I don't have a complete answer, but consider using the POSSTR function - use a CHAR() function of CountryFile.Country, if it's numeric.

Hope that leads you further.

Vern

On 12/16/2015 5:14 AM, Wilson, Jonathan wrote:
On Tue, 2015-12-15 at 10:04 -0500, Charles Wilt wrote:
How's this?

select * from qtemp.cntry
where :newcode like (CountryCode concat '%')
or CountryCode like (:newcode concat '%')

Well that was far easier than I had assumed... but leads me on to one
final question.

Given the 10 digit ISBN holds a country code within it, and there is no
indication of how many digits make up the country code... how would I do
something along the lines of:

select SomeFields from BiblFile join with Countryfile where
BiblFile.ISBN contains partial match with CountryFile.Country.

So
011700001X TitleA
810115400X TitleB
922241012X TitleC
922941011X TitleD

and
0 English
1 English
80 Czech Republic
81 India
82 Norway
9229 Guatemala

creates
011700001X TitleA 0 English
810115400X TitleB 1 India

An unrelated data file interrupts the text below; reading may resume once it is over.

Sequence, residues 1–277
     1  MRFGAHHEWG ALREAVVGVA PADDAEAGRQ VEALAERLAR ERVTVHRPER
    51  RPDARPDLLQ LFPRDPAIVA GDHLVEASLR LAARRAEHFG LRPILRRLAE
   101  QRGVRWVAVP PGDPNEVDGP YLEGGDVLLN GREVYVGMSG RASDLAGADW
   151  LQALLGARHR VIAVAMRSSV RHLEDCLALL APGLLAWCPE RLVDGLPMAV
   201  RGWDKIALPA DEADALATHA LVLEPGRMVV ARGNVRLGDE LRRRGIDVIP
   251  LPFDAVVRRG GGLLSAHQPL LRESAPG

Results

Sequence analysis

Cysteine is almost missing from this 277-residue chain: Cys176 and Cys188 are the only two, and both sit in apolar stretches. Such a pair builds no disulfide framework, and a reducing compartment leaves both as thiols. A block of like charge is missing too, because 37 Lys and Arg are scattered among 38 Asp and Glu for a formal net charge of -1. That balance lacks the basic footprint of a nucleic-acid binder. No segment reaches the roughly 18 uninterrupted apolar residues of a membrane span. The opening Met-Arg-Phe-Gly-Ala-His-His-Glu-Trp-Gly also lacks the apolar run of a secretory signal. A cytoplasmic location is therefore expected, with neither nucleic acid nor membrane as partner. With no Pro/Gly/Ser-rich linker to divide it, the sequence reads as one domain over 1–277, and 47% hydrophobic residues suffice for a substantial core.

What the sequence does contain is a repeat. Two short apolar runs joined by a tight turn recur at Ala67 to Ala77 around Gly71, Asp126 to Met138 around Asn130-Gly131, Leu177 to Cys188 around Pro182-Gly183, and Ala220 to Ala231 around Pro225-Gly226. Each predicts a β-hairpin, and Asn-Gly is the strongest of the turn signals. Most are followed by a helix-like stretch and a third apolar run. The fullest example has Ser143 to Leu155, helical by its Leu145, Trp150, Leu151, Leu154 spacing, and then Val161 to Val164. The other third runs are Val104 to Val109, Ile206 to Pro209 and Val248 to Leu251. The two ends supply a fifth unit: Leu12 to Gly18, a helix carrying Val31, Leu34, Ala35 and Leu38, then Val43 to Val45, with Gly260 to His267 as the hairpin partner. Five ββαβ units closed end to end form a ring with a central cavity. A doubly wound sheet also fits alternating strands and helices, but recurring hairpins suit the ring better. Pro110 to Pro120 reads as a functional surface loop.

922241012X TitleC
922941011X TitleD 9229 Guatemala

Using your assumption of varying length fields, no trailing spaces.

I get the feeling that its something to do with joining the country file
to the bibliographic file, but in reverse - kind of.

Select SomeFields from BiblFile and CountryFile where rightjoin
(CountryFile.Country *cat '%') like Biblfile.ISBN


Charles


On Tue, Dec 15, 2015 at 9:47 AM, Wilson, Jonathan <piercing_male@xxxxxxxxxxx
wrote:
This question is based in part on an ISBN structure, but is not strictly
following the rules.

Both short and long answers are appreciated, even ones that say "look at
the ... statement in the ... manual" or "this link does something
similar, you'll have to adapt it to DB2/i" as I'm working with very very
little experience of SQL (basic selects/inserts/updates is my current
level of experience).

An ISBN is made up of 3 parts (Excluding the new prefix, and checksum).

Country (Also language, as "English" is denoted by 0 and 1)
Imprint (publisher)
Book

All the parts are variable in length, so if a country produces few books
its country code is longer than a country producing a lot of titles.

<snip>



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